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THE SYNTHESIS OF THREE-LEVEL LOGIC NETWORKS

IP.com Disclosure Number: IPCOM000149494D
Original Publication Date: 1966-May-31
Included in the Prior Art Database: 2007-Apr-01
Document File: 40 page(s) / 2M

Publishing Venue

Software Patent Institute

Related People

Grasselli, Antonio: AUTHOR [+3]

Abstract

PRINCETON UNIVERSITY Department of Electrical Engineering

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PRINCETON UNIVERSITY

Department of Electrical Engineering

Digital Systems Laboratory Technical Report Number 49

(May 1966')

THE SYNTHESIS OF THREE-LEVEL

LOGIC NETWORKS

Antonio Grasselli and James F. Gimpel

    This work was supported i n part by the Bell Telephone Laboratories, Murray H i l l , New Jersey. One of the authors (Antonio Grasselli) was also supported by a Fullbright travel grant of the United States Department of State.

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THE SYNTHESIS OF THREE-LEVEL

LOGIC NETWORKS

Antonio Grasselli and James F. Gimpel

AB STRAC T

    
This paper describes an exact method for obtaining minimum-cost three-level networks composed of AND and OR gates and to the authors' knowledge this is the first time this has been done. A s one may expect, the amount of computation required to obtain an absolutely least-cost solution becomes unmanageably large for problems of prac- tical interest. The method presented, however, readily lends itself to heuristic simplifications; several simplify- ing modifications are suggested.

Introduction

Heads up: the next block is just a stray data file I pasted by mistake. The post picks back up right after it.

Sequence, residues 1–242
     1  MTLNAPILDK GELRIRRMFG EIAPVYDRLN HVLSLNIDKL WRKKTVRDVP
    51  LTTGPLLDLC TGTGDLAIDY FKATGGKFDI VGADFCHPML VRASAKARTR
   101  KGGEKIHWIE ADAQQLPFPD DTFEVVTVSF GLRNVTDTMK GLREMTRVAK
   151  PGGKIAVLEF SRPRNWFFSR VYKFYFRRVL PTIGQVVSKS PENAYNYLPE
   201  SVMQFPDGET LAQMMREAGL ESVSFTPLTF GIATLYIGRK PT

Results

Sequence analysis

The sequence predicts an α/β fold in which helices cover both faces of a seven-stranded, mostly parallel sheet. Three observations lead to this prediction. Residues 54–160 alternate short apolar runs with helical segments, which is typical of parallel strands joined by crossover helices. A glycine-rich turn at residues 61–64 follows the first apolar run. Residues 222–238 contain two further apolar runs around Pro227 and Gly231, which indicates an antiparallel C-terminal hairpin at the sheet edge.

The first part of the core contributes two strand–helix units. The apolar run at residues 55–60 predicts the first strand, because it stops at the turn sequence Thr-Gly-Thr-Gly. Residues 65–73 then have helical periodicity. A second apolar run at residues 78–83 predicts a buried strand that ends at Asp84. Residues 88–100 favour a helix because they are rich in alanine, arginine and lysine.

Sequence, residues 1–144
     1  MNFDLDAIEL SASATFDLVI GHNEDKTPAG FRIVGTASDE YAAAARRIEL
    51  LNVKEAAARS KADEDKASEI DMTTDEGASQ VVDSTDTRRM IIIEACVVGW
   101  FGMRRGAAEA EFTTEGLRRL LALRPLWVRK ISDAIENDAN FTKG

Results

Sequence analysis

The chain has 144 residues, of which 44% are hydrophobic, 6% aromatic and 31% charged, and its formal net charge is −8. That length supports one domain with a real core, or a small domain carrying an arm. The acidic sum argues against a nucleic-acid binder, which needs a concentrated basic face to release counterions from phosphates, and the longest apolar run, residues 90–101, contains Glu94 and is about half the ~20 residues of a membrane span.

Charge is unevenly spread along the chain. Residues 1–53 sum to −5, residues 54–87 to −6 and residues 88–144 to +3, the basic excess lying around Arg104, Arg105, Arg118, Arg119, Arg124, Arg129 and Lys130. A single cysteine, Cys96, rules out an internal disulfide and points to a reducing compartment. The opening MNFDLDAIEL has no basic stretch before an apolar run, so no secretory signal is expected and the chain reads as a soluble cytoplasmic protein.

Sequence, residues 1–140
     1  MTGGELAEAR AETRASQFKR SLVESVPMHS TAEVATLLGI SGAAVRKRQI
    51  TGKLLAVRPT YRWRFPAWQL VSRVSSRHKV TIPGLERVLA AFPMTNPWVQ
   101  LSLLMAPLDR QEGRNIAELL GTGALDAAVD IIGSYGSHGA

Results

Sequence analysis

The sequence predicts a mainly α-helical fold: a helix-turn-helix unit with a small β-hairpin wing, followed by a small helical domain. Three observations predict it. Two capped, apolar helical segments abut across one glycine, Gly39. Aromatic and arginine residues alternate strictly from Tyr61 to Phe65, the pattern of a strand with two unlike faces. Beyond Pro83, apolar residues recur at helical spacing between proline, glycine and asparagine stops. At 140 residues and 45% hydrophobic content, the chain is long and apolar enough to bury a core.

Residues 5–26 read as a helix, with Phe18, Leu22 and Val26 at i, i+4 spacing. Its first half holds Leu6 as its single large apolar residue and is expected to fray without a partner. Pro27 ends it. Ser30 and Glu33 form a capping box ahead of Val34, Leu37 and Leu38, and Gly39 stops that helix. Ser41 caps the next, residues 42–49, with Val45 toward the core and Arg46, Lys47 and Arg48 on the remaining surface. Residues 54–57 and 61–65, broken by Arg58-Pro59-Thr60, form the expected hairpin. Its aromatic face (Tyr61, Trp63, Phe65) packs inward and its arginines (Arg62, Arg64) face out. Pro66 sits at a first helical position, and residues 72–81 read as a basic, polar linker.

The optimal synthesis of logic networks using AND gates and OR gates (see Fig. 1) is a fundamental but, as yet, unsolved problem in logical design. Various departures from this basic problem are made
but by far the most common is to restrict the number of levels. If the number of levels is limited to two, the Quine-McCluskey algorithm is an effective synthesis procedure.* In this paper we w i l l extend the number of permitted levels to three and examine the consequences of trying to obtain a reasonable algorithm for finding minimum gate networks.

      The authors are unaware of any precise treatment of this problem
in the literature. Several papers have dealt with finding minimum-
literal three-level and multi-level expressions [3-81. In general, however, these expressions do not correspond to minimum-gate networks. A completely

*Familiarity with two-level minimization w i l l be assumed throughout.

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Figure 1.

The symbols for (a) an AND gate and (b) an OR gate

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different approach t o multi-level synthesis of logic networks was sup- plied by Akers [9]. H i s technique, however, was developed as a toal.to assist a human designer rather than as an exact or mechanical method.

Basic Concepts

       In this paper we w i l l consider only single-output loop-free networks composed of AND gates and OR gates. We assume that the output gate is an
OR gate; that this assumption represents no loss of generality can be seen from conventional duality arguments. We w i l l also assume that the inputs
to a network can appear i n both complemented and uncomplemented form
(i.
e . , double rail) .

       There are two commonly-used means for evaluatin...